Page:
The Square is a 2013 Egyptian-American documentary film by Jehane Noujaim, which depicts the ongoing Egyptian Crisis until 2013, starting with the Egyptian Revolution of 2011 at Tahrir Square.
Movie review: The Square
The biased nature of mass media is not something unheard of in our modern times, especially when considering the pivotal role that they play in the public sphere.
The primary role of mass media is to provide a space where different perspectives and issues are raised in order to shape decision-making processes according to the people’s will. In essence, one could argue, it can function as the foundation of an effective democratic society.
In authoritarian regimes such as the one portrayed in The Square (2013), non-conforming ideologies are often overpowered and excluded from the public sphere, resulting in a dishonest and corrupt use of mass media. Of course this is also true in different degrees for other political systems throughout the globe, but in light of the ‘Arab Spring’ and particularly the Egyptian Revolution, it becomes evident how regimes consciously and actively manipulate mass media to defend and benefit the establishment in power.
As Khalid Abdalla says (01:13:00), “only we can tell our stories”. It is up to the subjugated people to expose the origin and the extent of the cruelties that Egyptians have faced under Mubarak’s regime for the better part of thirty years. To some extent, with the introduction of information and communication technologies, people are able to bypass the government and not only raise awareness within Egypt itself, but also present the reality of the facts to the rest of the world.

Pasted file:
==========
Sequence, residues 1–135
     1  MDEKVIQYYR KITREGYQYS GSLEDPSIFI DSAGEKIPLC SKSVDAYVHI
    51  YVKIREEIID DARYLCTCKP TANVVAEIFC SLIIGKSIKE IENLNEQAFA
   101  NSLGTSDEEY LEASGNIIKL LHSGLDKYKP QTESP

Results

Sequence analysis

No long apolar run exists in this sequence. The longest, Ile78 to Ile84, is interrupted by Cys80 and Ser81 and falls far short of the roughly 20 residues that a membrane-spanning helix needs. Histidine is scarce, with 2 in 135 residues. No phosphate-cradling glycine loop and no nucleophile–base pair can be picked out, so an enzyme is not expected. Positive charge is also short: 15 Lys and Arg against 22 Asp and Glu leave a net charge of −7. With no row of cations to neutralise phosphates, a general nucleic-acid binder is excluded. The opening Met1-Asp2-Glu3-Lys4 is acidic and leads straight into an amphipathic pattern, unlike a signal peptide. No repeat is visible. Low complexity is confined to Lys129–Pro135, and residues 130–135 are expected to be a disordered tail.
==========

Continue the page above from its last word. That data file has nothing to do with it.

The internet and its particular features of de-central organisation, interactivity and interconnectivity to other media genres have opened up new spaces for social and political actors to get attention. The opportunity to collectively rise against injustice has been somewhat facilitated in the digital era. Therefore, in a climate of political suppression, severe inequality, and general dissatisfaction, the use of these technologies are an opportunity for revolutionaries to find unity and to have an unfiltered voice of their own.
As both Khalid and Ahmed Hassan declare (29:00), it is up to the digital guerrillas to use militant filmmaking to expose the truth that has defined animated the revolution.
But a question that emerges when considering this new form of revolutionary practice, is why doesn’t the Egyptian government ban or restrict access to the websites that enable such forms of militancy, in the same way for example the Chinese government does?
Written by Riccardo De Meo